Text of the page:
Saturday, September 01, 2012

From Catholic to Buddhist in 40 Short Years

Sacred Heart Catholic Church in Klamath Falls, Oregon
My spiritual journey has been, well, a journey so far in my life.  I'm certain that on the day I was born, nobody expected me to have a spiritual journey. They expected to baptize me in the Catholic Church, raise me in the Catholic Church, and bury me after a lifetime spent in the Catholic Church.  I guess, technically, that's a journey, but it stays pretty well within the same track, or at least I (and my mother) always thought so.

Until I was eight or so, this worked out pretty well.  Enter: divorce.  We were fairly rigorous Catholics, going to Mass on Wednesday nights and Sunday mornings, taking confession (at least my parents did) and signing us kids up for catechism classes.  The path was preordained.  Until my folks split up. And the Church politely asked us not to return.  Bad example for the rest of the parishioners and all that.

Until that point I hadn't questioned much about religion or faith. I didn't know anyone who didn't go to church on Sunday and I frankly loved the ritual of church, if not the time spent there on sunny mornings.  I loved dipping my fingers in to the font of holy water at the entrance to the church and crossing myself like I saw the adults do.  I loved genuflecting before entering a pew and memorizing the steps that went along with different prayers - when to sit down, kneel and stand.  I loved the music and the stained glass and knowing when to say a solemn, "Amen" or "and also with you."

After my folks got divorced, Dad seemed to have no issue not going back to that church and sometimes, especially in the summer, took us to his version of church on Sunday mornings - a short hike near Crater Lake or up Mt. McLoughlin with a few quiet moments to stop and enjoy the view while he prayed and thanked God for our time together.  I much preferred that kind of church to the ones my mother tried out thanks to recommendations from friends - a new one every weekend we spent with her.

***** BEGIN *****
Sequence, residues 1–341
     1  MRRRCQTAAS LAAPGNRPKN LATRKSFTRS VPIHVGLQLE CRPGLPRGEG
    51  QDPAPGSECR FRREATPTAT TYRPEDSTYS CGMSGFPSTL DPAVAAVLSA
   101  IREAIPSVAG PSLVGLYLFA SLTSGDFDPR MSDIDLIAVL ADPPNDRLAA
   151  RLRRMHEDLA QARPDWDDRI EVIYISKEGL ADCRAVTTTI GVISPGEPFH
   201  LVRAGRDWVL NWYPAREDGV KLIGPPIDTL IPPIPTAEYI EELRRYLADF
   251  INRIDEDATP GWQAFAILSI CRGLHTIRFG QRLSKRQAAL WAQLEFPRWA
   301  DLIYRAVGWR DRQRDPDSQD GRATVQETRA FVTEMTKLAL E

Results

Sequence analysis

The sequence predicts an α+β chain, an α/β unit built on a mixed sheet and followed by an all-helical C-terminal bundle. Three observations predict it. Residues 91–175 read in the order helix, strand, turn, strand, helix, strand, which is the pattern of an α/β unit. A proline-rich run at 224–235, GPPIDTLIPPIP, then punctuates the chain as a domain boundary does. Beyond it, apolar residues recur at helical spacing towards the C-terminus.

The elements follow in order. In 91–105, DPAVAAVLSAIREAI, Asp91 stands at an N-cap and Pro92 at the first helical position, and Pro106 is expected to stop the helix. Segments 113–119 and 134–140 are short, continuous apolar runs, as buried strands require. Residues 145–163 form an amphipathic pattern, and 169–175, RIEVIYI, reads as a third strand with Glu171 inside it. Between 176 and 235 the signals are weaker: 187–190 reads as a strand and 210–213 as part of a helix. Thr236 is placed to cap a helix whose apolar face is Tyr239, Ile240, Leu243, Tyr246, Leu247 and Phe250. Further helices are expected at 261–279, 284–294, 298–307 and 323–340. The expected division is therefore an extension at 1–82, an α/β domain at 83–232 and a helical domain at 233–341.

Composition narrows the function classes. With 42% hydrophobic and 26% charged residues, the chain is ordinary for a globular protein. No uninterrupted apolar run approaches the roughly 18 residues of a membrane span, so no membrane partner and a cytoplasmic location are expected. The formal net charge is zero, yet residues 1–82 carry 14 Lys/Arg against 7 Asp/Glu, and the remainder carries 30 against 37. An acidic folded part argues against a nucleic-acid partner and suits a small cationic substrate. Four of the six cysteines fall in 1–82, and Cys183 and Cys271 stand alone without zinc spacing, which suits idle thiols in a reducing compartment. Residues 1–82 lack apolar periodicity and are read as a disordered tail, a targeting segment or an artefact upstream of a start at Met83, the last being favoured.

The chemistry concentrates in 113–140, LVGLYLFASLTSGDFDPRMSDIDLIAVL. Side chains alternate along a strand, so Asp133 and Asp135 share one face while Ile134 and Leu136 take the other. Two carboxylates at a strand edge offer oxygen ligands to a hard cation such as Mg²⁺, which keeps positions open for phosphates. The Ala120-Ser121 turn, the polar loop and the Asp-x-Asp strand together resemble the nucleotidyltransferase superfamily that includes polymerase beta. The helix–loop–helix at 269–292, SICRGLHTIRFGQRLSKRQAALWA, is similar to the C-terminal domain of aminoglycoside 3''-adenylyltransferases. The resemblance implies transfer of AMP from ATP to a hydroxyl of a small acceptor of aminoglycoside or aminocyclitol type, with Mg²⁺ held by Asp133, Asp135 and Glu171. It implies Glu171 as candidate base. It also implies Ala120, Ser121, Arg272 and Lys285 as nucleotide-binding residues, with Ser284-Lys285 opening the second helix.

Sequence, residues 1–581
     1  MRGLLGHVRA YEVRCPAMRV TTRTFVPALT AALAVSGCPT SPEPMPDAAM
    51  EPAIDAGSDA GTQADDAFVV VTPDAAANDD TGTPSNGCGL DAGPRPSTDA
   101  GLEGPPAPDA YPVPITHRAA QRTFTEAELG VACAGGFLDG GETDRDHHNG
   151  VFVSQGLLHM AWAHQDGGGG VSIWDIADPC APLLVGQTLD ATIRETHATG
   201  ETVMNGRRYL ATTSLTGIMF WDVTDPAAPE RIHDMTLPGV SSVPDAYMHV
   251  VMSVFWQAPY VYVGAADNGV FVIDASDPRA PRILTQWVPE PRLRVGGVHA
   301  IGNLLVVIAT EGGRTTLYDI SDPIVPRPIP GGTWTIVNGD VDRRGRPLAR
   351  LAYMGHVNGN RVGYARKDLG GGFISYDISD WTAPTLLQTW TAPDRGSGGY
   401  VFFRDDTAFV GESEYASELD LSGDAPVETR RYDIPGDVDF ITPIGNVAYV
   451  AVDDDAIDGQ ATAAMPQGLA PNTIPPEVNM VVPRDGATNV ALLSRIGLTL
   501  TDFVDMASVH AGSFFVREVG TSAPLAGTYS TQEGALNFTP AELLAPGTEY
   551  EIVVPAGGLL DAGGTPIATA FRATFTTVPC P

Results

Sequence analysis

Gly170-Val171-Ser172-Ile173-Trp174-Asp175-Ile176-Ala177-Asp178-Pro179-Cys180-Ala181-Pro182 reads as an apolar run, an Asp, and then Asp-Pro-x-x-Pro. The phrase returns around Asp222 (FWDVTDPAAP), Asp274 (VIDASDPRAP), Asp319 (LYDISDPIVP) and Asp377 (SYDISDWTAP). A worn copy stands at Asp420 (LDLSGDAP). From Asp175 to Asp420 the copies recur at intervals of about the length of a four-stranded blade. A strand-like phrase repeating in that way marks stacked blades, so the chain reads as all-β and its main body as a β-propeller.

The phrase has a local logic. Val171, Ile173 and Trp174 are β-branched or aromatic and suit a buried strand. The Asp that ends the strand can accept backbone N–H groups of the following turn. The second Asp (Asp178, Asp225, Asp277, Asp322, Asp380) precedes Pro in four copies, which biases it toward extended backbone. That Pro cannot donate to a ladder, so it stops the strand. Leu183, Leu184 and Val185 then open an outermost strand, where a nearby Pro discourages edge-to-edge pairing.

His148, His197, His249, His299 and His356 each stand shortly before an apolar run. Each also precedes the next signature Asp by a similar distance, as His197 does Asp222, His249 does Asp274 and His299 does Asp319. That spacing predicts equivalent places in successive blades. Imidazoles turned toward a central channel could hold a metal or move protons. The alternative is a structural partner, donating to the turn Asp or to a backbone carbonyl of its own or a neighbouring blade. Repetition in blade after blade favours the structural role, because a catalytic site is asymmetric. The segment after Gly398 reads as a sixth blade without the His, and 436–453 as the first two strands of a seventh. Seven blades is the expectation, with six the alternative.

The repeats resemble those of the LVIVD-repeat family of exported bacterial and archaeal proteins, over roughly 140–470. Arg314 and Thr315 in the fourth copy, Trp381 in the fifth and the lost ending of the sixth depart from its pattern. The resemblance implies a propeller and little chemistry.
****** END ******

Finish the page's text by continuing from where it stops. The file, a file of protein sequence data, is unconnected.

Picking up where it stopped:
By the time I was in high school I had thoroughly catalogued the hypocrisy I saw in my own family and friends Monday through Saturday and decided that church and religion seemed ridiculous.  I still liked the music, but there was little ritual in any of the churches we attended and I cringed at some of the messages of punishment and anger I heard over and over again.  I was relieved when I got a job at a local resort that held a huge Sunday brunch because I could beg off of church - we needed the money more than Mom wanted to admit.

I had also become increasingly interested in science and liked the ordered, logical view of the human body as a machine.  I renounced religion of any kind and decided I was an atheist.  I didn't see any reason to think there was an afterlife and was openly disdainful of anyone who seemed to be simply tolerating their time on the planet until they could get to some paradise. I was determined to create my own paradise now - hedge my bets because I would be really pissed off if I discovered there was no Heaven after I had waited decades to get there.